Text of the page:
By one measure, Thomas Linguanti is among the most valuable lawyers in Big Law.
Consider this: Last year, he slashed a tax bill from $1.36 billion to $14 million for medical device manufacturer Medtronic plc.
As Linguanti prepares to brief the U.S. Court of Appeals for the Eighth Circuit on an Internal Revenue Service appeal on that big tax deduction decision, he is moving from one global law firm with an elite tax practice to another.
Morgan Lewis, a firm that has made headlines this year for its lateral raids and links to the Trump administration, announced last week that it had brought on Linguanti as a partner in Chicago. Linguanti had previously been the head of Baker McKenzie’s North America tax practice, a group that he will continue to be co-counsel with on the Medtronic case.
Linguanti himself made headlines in 2013 when he represented pro golfer Sergio Garcia in a dispute with the IRS over how the 2017 Masters champion’s revenue from sponsorships should be taxed.
By joining up with Morgan Lewis’ tax practice and high-profile tax controversy partner John Magee, Linguanti finds himself on a team that over the years he often competed against for work. Magee is no stranger to winning big-dollar tax controversy cases for clients. He represented Amazon.com Inc. in a March victory that the online retail giant said slashed its tax bill by $1.5 billion.
Magee previously led the tax practice at Bingham McCutchen before Morgan Lewis acquired the bulk of that firm in late 2014. Before that Magee worked at McKee Nelson—a firm known for its tax expertise prior to its 2009 acquisition by Bingham McCutchen—where he developed a reputation as one of the nation’s top tax lawyers, advising clients like The Boeing Co., The Coca-Cola Co. and Dow Chemical Co.
Linguanti has worked on behalf of companies like Abbot Laboratories, Microsoft Corp. and Seagate Technology Inc. Linguanti said he, Magee and others at Morgan Lewis have traded attempts to recruit each other to their respective firms. This time Linguanti was drawn to Morgan Lewis, he said, because of the firm’s range of practices outside of tax that “are at the top of their games.”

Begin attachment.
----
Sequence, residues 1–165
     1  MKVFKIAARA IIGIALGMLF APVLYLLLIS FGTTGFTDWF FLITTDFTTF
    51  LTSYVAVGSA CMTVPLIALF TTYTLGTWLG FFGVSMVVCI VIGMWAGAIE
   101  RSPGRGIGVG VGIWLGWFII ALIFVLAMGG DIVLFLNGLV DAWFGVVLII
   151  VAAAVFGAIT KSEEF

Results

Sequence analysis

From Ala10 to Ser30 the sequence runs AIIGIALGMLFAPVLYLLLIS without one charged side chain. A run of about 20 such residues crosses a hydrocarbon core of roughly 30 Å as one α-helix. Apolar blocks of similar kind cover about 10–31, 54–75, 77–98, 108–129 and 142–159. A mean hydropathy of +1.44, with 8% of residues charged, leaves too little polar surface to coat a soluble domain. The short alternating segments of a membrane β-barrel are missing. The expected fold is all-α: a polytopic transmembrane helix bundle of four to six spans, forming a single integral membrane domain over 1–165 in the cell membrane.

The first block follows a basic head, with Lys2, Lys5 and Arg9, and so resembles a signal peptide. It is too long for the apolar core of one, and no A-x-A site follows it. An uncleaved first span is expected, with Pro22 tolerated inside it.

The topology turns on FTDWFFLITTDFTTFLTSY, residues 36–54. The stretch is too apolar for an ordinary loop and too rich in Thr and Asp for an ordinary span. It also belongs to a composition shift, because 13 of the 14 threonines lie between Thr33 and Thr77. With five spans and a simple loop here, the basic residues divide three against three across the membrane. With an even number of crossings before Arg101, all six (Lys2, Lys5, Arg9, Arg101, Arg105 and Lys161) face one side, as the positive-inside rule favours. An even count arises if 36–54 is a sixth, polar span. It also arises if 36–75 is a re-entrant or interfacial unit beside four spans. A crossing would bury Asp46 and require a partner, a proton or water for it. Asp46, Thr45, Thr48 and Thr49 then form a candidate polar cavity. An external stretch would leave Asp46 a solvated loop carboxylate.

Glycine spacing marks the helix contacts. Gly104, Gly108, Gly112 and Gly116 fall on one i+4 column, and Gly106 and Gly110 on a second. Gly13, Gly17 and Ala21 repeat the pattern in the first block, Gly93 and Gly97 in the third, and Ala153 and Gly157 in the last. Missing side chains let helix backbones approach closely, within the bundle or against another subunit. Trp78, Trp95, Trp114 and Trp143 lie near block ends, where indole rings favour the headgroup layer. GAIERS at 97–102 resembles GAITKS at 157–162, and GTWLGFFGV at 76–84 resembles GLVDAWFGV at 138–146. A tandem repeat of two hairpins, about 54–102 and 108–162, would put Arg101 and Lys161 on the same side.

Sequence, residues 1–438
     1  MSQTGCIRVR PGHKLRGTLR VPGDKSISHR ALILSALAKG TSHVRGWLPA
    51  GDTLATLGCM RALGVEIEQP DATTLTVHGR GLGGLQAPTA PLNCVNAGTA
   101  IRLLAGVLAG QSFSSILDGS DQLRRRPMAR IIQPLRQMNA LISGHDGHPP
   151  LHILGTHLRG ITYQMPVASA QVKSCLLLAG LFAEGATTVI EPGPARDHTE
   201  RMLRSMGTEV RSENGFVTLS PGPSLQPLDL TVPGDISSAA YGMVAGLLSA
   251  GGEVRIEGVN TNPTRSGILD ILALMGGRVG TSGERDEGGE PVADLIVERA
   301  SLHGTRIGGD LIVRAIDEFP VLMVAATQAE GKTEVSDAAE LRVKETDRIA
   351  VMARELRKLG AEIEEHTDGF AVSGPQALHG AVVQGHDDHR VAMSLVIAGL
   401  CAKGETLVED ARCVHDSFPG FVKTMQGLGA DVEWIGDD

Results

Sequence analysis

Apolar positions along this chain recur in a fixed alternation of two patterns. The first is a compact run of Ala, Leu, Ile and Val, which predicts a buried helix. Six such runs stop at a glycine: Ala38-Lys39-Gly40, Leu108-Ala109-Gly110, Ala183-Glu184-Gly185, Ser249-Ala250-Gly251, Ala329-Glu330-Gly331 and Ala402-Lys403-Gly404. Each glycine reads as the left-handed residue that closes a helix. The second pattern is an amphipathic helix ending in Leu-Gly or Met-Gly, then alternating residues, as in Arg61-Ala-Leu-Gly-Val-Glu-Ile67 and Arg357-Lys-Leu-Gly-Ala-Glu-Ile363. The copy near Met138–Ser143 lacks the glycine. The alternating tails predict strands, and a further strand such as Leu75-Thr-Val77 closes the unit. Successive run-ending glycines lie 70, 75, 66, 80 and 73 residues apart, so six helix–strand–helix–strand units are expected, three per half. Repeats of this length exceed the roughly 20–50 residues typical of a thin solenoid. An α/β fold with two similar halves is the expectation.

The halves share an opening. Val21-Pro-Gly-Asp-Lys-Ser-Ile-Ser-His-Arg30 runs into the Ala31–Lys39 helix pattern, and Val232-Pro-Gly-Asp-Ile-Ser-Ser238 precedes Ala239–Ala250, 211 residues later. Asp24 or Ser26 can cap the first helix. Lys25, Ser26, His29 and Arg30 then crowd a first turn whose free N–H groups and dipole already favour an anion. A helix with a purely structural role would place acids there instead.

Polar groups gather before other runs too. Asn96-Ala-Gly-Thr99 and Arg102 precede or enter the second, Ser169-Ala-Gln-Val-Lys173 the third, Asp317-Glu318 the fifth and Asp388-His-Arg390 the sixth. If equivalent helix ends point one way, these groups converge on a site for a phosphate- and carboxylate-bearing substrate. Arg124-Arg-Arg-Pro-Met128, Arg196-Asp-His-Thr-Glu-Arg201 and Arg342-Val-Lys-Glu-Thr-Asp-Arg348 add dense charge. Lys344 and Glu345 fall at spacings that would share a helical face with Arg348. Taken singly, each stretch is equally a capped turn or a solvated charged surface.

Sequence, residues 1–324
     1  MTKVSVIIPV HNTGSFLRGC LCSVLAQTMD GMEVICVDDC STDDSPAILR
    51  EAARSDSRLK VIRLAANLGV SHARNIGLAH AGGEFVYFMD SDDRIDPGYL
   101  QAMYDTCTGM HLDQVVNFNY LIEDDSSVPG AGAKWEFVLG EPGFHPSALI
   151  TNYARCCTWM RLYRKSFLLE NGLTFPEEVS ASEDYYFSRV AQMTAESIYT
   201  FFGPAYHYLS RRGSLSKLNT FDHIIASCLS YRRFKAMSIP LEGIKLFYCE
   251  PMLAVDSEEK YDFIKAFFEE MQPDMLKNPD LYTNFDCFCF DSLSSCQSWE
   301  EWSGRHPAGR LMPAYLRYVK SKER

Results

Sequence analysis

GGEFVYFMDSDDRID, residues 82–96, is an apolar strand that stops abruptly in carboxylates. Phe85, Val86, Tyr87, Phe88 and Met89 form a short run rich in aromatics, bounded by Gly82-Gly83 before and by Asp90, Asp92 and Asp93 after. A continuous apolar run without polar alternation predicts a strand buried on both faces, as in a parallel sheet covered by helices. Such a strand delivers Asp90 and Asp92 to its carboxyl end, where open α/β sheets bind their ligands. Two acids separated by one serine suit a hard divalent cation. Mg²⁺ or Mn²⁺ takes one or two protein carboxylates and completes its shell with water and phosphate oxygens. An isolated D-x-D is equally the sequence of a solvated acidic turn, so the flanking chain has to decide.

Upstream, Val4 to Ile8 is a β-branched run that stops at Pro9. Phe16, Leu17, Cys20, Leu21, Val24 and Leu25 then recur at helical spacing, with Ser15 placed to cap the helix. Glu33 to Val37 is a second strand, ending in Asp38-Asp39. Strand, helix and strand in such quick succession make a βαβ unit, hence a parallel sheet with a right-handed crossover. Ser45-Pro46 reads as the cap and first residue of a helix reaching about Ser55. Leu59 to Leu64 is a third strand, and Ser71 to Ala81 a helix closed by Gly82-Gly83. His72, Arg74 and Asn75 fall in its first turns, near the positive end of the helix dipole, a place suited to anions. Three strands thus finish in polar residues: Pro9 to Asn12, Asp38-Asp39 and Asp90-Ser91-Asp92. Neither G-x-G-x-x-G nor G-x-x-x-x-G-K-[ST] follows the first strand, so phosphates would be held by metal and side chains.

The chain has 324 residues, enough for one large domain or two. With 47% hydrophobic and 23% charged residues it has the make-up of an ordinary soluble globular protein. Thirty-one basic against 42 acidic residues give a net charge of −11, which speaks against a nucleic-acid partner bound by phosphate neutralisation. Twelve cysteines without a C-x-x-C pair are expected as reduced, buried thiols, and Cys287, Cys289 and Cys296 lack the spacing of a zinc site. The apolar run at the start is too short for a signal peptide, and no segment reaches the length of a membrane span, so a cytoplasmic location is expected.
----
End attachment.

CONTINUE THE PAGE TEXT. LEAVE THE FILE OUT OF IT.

“From IP to litigation to corporate securities, [Morgan Lewis] is just pound-for-pound an elite law firm in the U.S.,” Linguanti said. “So in addition to being able to come and practice with this group of friends in the tax practice, I was excited to be part of a firm that is playing at the highest levels across disciplinary practices.”
Baker McKenzie said last week that Dallas-based partner Melinda Phelan would take over as chief of the firm’s North America tax practice. The firm’s global tax practice has more than 1,000 practitioners and brings in more than $500 million in revenue a year, a firm spokeswoman said. Baker McKenzie promoted 12 tax lawyers to partner in June and the firm has recruited 10 lateral partners in the past 12 months, including a pair of trusts and estates partners in Chicago and three recent partner hires in London.
“We wish Tom well and thank him for his years of service,” the firm said in a statement.
As for how Linguanti’s and Magee’s clients come to be at such great odds with the IRS over their tax bills, most of these cases are known as transfer pricing disputes. They often involve sales or intellectual property licensing agreements between the same company’s subsidiaries in different countries.
For tax purposes, companies are required to report those sales at the same price they would pay or offer to a company that wasn’t owned by the same parent. Disputes over what that price should be can lead to huge differences, as the accounting being challenged often dates back years.
For instance, a 2006 settlement between the IRS and Glaxosmithkline plc for $3.4 billion, which was the largest transfer pricing dispute settlement ever at the time, involved a dispute running from 1989 through 2005. Magee, Linguanti’s former competitor and new colleague, handled that case for GSK.
“It’s a valuation fight, ultimately,” Linguanti said. “And sometimes, frankly one side or the other gets it flatly wrong.”